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The game has been played in few stranger places than in the London Coliseum Theatre of Varieties in St Martin's Lane
January 18, 2014
Cricket has been played in some odd places - football grounds, sand banks in the sea, on ice - but few stranger than in 1908 when Middlesex met Surrey on the stage of the London Coliseum Theatre of Varieties in London's St Martin's Lane.
The Coliseum, which was a music hall, had opened in 1904 and quickly established a reputation for its eclectic offerings. One night top of the bill might be a clown or an indoor rodeo; the next a performing elephant, or a serious organ recital, or ballet. In short, the owner, Sir Oswald Stoll, believed anything that filled seats was worth putting on.
Occasionally he failed - such as the occasion in 1917 when he put on a mock trench battle between British and German "troops" that the Germans won prematurely - but more often than not his productions worked.
Stoll's first venture into sport came in February 1908 when he put on a cricket match between teams representing Middlesex and Surrey on his variety bill, sitting rather uncomfortably alongside the usual comedians and singers. Stoll believed the public would appreciate a chance to watch the summer game in the depths of winter.
The Coliseum had the advantage of a huge stage. It was 85 feet from the front of the stage to the back wall and 130 feet wide and this enabled it to add to the bill attractions that the space limitations of almost all other theatres rendered unworkable.
Even so, the stage could not accommodate a full-size matting pitch so the stumps were only 15 yards apart. Behind the players was a painted backdrop of a tree-lined ground in the middle of the summer.
A fine mesh net was lowered between the stage and the stalls to protect the audience and orchestra from being struck by the four-ounce ball.
Instead of a programme, scorecards were sold in the foyer. For those who did not buy one, a scorer, wearing a grey morning suit, stood at the front of the stage keeping tally on a blackboard. He had another role in that when the ball disappeared off stage into the wings it was his role to retrieve it.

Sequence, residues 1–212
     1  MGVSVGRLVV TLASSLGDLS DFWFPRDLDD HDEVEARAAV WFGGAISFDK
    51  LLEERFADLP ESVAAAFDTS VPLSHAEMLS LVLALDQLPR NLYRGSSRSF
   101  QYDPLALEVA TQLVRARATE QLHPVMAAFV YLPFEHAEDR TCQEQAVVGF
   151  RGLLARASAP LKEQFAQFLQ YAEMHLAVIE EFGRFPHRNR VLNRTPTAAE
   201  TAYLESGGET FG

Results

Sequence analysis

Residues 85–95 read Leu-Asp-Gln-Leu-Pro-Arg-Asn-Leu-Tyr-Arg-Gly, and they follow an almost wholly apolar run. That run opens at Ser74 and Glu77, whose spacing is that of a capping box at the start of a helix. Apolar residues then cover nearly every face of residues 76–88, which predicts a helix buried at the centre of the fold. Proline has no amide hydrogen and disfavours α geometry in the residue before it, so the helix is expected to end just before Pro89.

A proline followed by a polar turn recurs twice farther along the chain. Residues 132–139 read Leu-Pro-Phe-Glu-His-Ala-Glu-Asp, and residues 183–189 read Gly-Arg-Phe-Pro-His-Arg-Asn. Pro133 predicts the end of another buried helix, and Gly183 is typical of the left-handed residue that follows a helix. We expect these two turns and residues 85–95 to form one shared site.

The players wore white but, presumably to avoid confusion on a packed stage, the umpires did not, although why they were attired in full evening dress was not explained.
The space limitations meant the game was four-a-side. Middlesex sent four professionals led by Albert Trott, the fast bowler who played for both Australia and England and the man who hit the ball over the Lord's pavilion. Their team also included Jack Hearne, 19-year-old Patsy Hendren and Edward Mignon. Surrey had no big names but their quartet were all in the county XI - Alan Marshal, Leonard Gooder, William Davis and Bill Hitch.
The size and limitations of the stage meant there were only two tactics available to batsmen. Either they used their lightweight bat to nudge the ball into space and scurried a single, or they hit it as hard as they could and then ran while the ball cannoned between scenery and the wings. There were no rewards for big hits.
Not everything went to plan. One night the net stubbornly refused to be lowered and so the game was played without it. Felix Barker, in The House That Stoll Built, said "it was to the delight of the people in the stalls who turned themselves into voluntary fielders".
Each night play lasted a set time and runs scored were cumulative, so it was possible for the audience to see a number of innings in one show and the match position was advertised outside the Coliseum.
The Daily Mirror reported after the first day - Monday, February 24 - "Middlesex beat Surrey yesterday by 32 runs against 28". The newspaper did not describe the match as cricket, preferring to call it "vigoro", a cross between baseball and cricket played mainly by women.
By the third day - the Wednesday - Middlesex led by 136 to 125. While it would be churlish to suggest any match-fixing went on, Stoll was a businessman and he knew that to sell tickets the contest had to be tight, and so it proved.
On Saturday, February 29, the sixth and final night of the week's run, the programme announced the winners at the end of the evening would be presented with a cup. But behind the scenes it was discovered the manager, who was paying the teams £5 each and was keen to keep costs down to maximise his share of the profits, had not bought a trophy.
And so when Middlesex won Trott was presented with a hastily polished tankard bought from a neighbouring pub.
There are no references as to whether the venture was successful but from the fact that it was not repeated we have to assume not. The appeal of spending an evening watching cricketers play in an extremely confined space must pall very quickly.
"It was all right as a stunt for week," Barker concluded, "but like most games transferred to a stage, it was a pale imitation of the real thing."
The House That Stoll Built by Felix Barker (Frederick Muller Limited, 1957)
Martin Williamson is executive editor of ESPNcricinfo and managing editor of ESPN Digital Media in Europe, the Middle East and AfricaFeeds: Martin Williamson
© ESPN Sports Media Ltd.
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